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Ask Buachaill Your Own Question
Buachaill
Buachaill, Lawyer
Category: Republic of Ireland Law
Satisfied Customers: 10174
Experience:  Barrister 17 years experience
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Dear Buachaill, AS affects individuals very differently and

Customer Question

Dear Buachaill,
AS affects individuals very differently and although some people are high achievers, others need full state support. But if he is a high achiever, then he cannot surely seek maintenance from me in a prospective divorce dispute, because he would have a capacity to work? Besides this consideration, it is the social and emotional implications of AS that are most damaging to the married partner, because an AS person has an inability to see things or respond to another person's viewpoint. In the case of seeking an annulment, surely, my spouse would be assessed by a psychologist or psychiatrist to help determine if his level of function and capacity for relationships would deem him to be unfit for marriage or not? He might also have mental health issues / behavioural problems which can further impact AS, (a form of autism) and exacerbate his need to control physical contact.
My spouse claimed when we first met that he had a mild form of AS, but his behaviour is very controlling, repetitive and has caused considerable stress. I wonder has he been misdiagnosed, or else has he not told me everything?
This is complicated by the fact that he cannot prove medically that he has AS, because he cannot reference a psychologist or institute that gave him a diagnosis as an adult. There is no 'diagnosis copy report' on his medical file, although I understand that his GP notes contain a reference to Aspergers. So what I am saying is that, I do not know how 'able' or not he is, or even if he has a more complicated diagnosis, because there is no medical report. Could he be re-assesed to determine his level, and if in fact he has AS, or else if he has AS along with any other condition? Would such medical information be taken into account, in an application for an annulment?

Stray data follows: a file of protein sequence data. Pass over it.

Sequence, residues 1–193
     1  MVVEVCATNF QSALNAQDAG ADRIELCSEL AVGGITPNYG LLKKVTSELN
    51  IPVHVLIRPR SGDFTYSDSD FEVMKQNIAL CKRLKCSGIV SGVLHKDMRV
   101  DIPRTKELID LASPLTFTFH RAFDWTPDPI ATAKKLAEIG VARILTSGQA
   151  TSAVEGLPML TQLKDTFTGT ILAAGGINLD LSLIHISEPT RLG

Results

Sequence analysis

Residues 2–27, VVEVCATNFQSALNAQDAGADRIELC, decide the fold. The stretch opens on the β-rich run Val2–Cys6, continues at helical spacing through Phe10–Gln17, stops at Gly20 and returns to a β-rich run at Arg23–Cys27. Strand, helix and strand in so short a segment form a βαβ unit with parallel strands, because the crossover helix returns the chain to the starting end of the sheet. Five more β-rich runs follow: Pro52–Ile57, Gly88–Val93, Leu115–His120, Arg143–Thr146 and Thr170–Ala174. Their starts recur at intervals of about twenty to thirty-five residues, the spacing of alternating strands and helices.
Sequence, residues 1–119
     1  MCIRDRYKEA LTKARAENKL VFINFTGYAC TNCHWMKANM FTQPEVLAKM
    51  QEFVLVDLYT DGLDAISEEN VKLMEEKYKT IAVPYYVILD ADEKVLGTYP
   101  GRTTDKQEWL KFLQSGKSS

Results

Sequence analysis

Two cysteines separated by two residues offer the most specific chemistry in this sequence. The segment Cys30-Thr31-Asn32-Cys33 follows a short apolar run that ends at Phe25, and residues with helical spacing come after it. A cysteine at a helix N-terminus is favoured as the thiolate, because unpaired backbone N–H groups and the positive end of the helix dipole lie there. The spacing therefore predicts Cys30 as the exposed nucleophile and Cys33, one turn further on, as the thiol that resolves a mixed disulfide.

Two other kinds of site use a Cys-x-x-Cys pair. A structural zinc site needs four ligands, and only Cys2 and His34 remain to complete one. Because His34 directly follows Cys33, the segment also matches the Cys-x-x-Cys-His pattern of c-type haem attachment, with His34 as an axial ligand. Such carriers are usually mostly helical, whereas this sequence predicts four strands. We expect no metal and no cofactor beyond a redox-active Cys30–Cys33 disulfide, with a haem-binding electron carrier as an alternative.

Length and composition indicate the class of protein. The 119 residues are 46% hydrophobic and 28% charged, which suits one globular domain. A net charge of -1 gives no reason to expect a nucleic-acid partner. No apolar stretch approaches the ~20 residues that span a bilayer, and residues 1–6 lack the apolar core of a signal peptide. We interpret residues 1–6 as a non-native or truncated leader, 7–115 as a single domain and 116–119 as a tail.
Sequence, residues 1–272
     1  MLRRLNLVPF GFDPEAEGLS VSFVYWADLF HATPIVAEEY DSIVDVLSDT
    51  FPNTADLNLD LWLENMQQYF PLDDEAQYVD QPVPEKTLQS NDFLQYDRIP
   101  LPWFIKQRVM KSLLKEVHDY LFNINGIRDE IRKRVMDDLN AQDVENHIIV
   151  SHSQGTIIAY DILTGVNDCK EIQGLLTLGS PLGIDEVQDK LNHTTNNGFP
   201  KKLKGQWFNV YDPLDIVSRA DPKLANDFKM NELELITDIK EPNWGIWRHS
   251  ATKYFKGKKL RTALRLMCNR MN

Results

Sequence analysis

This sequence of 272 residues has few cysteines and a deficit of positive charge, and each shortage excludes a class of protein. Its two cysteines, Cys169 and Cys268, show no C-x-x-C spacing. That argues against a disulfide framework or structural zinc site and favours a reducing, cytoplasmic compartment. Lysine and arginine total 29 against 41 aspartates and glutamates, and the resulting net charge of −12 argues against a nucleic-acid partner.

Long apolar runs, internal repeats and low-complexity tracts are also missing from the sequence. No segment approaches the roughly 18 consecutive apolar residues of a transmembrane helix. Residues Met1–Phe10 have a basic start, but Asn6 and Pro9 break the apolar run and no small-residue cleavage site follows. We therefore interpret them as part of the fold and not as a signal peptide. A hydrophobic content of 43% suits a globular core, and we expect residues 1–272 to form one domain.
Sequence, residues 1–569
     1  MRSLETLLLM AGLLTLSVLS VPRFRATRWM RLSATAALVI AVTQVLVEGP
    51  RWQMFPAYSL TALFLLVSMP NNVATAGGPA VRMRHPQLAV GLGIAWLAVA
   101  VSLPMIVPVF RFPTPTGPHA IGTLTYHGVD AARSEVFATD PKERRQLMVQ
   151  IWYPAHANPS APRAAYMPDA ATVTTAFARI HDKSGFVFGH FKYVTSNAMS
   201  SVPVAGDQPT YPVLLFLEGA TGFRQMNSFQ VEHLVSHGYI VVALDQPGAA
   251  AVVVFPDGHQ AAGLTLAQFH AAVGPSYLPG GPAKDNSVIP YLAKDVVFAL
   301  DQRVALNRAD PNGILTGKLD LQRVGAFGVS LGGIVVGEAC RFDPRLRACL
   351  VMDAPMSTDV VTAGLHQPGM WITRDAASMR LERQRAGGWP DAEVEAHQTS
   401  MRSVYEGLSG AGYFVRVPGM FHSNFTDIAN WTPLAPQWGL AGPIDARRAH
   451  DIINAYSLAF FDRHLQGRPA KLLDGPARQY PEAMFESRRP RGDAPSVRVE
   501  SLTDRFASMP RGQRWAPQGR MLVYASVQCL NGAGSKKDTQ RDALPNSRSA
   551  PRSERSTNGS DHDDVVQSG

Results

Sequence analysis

Submitted: 11 months ago.
Category: Republic of Ireland Law
Expert:  Buachaill replied 11 months ago.

1. I don't doubt that your husband has Asperger's. However, the grounds for Asperger's being the basis for a nullity decree has been rejected. This is even in very severe cases. This is because it is not a full blown mental illness. The grounds for nullity are very restrictive and are interpreted very narrowly. This is because a decree of nullity involves stating that the marriage never happens. Courts just don't go down this route very often. You can try for a Church nullity. But a legal nullity will never work with Asperger's.

Expert:  Buachaill replied 11 months ago.

2. The issue is not whether your husband's Asperger's is severe or not. But whether the marriage never existed because he has Asperger's. My professional opinion for what it is worth, is that you will only be wasting money if you seek a nullity decree based on his Aspergers. However, if you are unhappy with this view, see a solicitor who specialises in family law and seek their opinion. However, I daresay it wont be any different.

Customer: replied 11 months ago.
Thanks Buachaill for your professional guidance.
Expert:  Buachaill replied 11 months ago.

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